Ambleside in the English Lake District


The wheel of the year has turned. The temperature is barely above zero and my fingers feel like the ice formations I see in the puddles and ditches, but the grass looks lush and these verdant landscapes shout out their promise of blossoming and ripening in the months ahead. The land is quickening. Winter is taking its leave as spring impatiently waits to step into the breach.

I don’t mind the cold at all, as long as it’s dry, and February sunshine and blue skies are a joyous combination. A day like this couldn’t be allowed to go to waste, so I decided to get out into the countryside and tap into that vernal energy. Cumbria is my favourite county and the villages, woods and footpaths around Lake Windermere are some of my favourite places to relax and appreciate the land. Where better then to spend a beautiful day on the cusp of the seasons?DSCF3486

Ambleside’s history can be traced back to Roman times. Then known as Galaca, the remains of the fort near Waterhead Pier are a reminder of when the settlement was part of the Roman defences against the possibility of invasion from the Scots to the north. Centuries later, the town is reputed to have taken its name from Hamel, a Viking who owned land there. Evidence of Nordic occupation is evident in the present day lexicon of the land. Words like beck (brook with a stony bed); fell (rock, cliff) and tarn (mountain lake) are synonymous with the power and mystery of this rugged, often-bleak, but always awesome northern landscape. When they first set foot on the mountain paths and beheld the icy clear tributary streams flowing down into the vast lakes below, the Scandinavian invaders would surely have felt they were home from home.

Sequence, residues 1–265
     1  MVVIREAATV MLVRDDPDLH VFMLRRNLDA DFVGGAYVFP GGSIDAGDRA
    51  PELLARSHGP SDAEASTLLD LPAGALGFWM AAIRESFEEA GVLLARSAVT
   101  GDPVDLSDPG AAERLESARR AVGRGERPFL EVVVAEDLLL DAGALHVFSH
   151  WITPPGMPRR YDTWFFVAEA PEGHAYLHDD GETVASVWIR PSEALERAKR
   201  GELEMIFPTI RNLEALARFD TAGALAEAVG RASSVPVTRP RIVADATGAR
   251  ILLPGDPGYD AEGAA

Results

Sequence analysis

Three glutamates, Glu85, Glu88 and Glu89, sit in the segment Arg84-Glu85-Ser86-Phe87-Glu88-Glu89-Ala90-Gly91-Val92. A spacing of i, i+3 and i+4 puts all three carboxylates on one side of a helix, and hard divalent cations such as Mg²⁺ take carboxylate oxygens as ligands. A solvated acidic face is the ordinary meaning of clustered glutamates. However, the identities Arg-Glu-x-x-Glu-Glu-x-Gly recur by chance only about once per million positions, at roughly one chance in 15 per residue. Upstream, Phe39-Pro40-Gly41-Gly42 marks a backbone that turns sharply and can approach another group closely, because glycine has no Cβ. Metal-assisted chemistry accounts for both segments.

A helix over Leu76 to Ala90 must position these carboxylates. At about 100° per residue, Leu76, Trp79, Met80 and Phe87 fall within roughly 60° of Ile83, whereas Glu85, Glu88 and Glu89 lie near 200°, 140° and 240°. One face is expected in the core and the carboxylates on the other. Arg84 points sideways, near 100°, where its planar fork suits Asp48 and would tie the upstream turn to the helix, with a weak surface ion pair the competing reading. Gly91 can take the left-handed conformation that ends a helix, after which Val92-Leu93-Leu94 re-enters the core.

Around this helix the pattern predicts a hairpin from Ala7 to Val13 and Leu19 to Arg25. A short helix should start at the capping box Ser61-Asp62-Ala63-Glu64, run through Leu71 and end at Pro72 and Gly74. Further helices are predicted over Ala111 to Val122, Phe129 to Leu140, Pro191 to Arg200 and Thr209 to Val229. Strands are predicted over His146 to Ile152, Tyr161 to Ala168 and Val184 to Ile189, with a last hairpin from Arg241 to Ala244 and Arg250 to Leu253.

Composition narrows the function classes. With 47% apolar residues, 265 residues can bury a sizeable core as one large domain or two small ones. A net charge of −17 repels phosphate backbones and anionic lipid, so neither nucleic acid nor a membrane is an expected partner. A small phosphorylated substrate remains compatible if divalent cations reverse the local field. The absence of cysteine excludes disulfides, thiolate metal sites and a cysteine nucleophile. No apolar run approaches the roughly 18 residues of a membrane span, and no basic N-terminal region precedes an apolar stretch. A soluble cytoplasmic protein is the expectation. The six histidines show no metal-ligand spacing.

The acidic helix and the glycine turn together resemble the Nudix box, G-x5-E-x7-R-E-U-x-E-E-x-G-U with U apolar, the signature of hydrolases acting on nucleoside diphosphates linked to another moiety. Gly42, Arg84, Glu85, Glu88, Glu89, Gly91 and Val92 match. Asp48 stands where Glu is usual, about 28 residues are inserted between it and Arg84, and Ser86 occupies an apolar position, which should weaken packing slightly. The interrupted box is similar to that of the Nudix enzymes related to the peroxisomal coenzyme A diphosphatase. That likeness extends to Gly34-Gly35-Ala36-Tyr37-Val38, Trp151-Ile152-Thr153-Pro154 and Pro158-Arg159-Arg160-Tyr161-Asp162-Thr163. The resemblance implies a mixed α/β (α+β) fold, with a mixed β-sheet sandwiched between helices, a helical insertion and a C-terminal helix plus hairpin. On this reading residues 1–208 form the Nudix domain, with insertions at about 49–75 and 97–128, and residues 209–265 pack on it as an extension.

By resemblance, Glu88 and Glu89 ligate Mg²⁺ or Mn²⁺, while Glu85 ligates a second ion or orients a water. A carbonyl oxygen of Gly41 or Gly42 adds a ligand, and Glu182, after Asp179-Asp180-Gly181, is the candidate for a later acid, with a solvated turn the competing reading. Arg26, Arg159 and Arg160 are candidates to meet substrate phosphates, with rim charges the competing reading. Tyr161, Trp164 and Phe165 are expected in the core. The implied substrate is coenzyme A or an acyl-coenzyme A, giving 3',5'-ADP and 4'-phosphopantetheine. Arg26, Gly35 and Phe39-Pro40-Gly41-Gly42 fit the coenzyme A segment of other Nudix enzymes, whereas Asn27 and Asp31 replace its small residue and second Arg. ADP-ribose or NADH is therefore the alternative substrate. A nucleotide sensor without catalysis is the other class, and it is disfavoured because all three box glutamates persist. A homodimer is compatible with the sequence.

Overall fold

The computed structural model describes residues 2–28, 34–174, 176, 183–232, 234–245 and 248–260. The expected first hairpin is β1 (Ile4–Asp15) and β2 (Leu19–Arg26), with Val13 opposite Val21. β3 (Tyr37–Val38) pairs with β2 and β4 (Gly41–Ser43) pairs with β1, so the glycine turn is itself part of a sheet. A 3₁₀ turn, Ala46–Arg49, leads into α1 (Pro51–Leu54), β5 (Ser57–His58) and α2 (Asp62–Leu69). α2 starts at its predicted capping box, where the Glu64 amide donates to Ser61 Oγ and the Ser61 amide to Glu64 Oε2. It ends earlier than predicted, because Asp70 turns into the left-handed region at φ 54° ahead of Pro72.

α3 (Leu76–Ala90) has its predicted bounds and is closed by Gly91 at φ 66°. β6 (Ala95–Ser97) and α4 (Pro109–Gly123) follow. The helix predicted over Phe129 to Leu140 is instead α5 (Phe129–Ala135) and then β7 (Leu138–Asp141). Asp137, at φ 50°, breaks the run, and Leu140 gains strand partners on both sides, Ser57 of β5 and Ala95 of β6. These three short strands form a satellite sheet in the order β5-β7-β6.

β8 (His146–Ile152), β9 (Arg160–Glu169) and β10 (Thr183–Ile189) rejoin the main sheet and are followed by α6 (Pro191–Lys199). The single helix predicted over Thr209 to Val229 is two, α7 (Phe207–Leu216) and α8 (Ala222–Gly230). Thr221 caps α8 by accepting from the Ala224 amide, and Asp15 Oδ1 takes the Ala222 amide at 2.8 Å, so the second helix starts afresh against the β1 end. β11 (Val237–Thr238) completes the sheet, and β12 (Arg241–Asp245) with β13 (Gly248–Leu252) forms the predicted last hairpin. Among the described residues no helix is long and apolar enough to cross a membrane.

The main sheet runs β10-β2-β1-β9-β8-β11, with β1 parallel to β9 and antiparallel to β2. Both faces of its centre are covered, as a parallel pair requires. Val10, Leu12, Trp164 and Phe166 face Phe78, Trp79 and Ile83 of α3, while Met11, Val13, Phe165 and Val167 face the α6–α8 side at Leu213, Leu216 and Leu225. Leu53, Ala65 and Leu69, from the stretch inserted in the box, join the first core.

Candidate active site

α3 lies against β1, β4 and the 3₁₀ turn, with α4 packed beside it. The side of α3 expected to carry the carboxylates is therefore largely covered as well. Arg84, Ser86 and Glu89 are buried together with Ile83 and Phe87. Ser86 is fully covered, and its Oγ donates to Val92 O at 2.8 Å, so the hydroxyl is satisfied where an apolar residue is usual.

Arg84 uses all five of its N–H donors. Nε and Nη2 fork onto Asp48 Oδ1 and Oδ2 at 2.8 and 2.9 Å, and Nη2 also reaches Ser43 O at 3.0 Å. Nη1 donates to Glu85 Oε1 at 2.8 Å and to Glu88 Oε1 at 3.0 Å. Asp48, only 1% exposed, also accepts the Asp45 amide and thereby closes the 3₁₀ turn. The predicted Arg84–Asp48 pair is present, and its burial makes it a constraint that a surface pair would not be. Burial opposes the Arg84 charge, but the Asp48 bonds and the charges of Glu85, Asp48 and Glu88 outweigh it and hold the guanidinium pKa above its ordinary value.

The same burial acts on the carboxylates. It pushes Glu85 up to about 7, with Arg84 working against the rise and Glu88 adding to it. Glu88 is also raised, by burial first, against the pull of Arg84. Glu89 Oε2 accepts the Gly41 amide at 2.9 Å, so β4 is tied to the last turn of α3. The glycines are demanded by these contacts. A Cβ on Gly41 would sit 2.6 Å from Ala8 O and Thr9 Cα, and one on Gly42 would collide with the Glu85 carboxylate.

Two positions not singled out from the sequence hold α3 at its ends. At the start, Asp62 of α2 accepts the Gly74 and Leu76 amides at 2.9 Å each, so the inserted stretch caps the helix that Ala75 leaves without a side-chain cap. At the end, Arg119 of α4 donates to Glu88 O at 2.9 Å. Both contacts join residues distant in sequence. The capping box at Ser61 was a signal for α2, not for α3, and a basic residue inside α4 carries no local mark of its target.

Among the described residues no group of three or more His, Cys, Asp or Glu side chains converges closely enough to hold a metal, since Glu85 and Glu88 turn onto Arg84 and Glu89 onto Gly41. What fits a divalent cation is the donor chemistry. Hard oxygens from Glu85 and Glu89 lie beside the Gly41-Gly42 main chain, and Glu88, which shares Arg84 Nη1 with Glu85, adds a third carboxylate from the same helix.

Putting Viking warriors to one side, for me, the town evokes other more peaceful and relaxing associations. How could a place name which contains the verb ‘amble’ not conjure up images of quiet green lanes shaded by towering trees, expanses of pasture land, dry stone walls and the sound of bird song? The footpath from the northern pier of Lake Windermere up the gentle incline to the town certainly matches that description, though the town itself, small and unspoiled, is a hive of activity.


Situated at the gateway to the Langdale pikes (another Scandinavian word, meaning ‘pointed mountain’) and south lakes fells, Ambleside enjoys enormous popularity amongst tourists and serious walkers and climbers. It has an abundance of hotels, B&Bs and restaurants, mostly full, even out of season…………..if there is such a thing as ‘out of season’ here.


One highlight of this particular visit to Ambleside was being able to see the magnificent view of the white-topped peaks before the strengthening spring sunshine melts the snow, transforming it into crystal water.


The views from the lower valley are breath-taking. High snowy peaks merged with sky line; I’m sure I even saw some fluffy sheep amongst the stratus, perhaps spirits of a fell-dwelling flock from Viking times, still holding on to their connection with the land. It’s easy to let the imagination run wild in such an inspirational setting.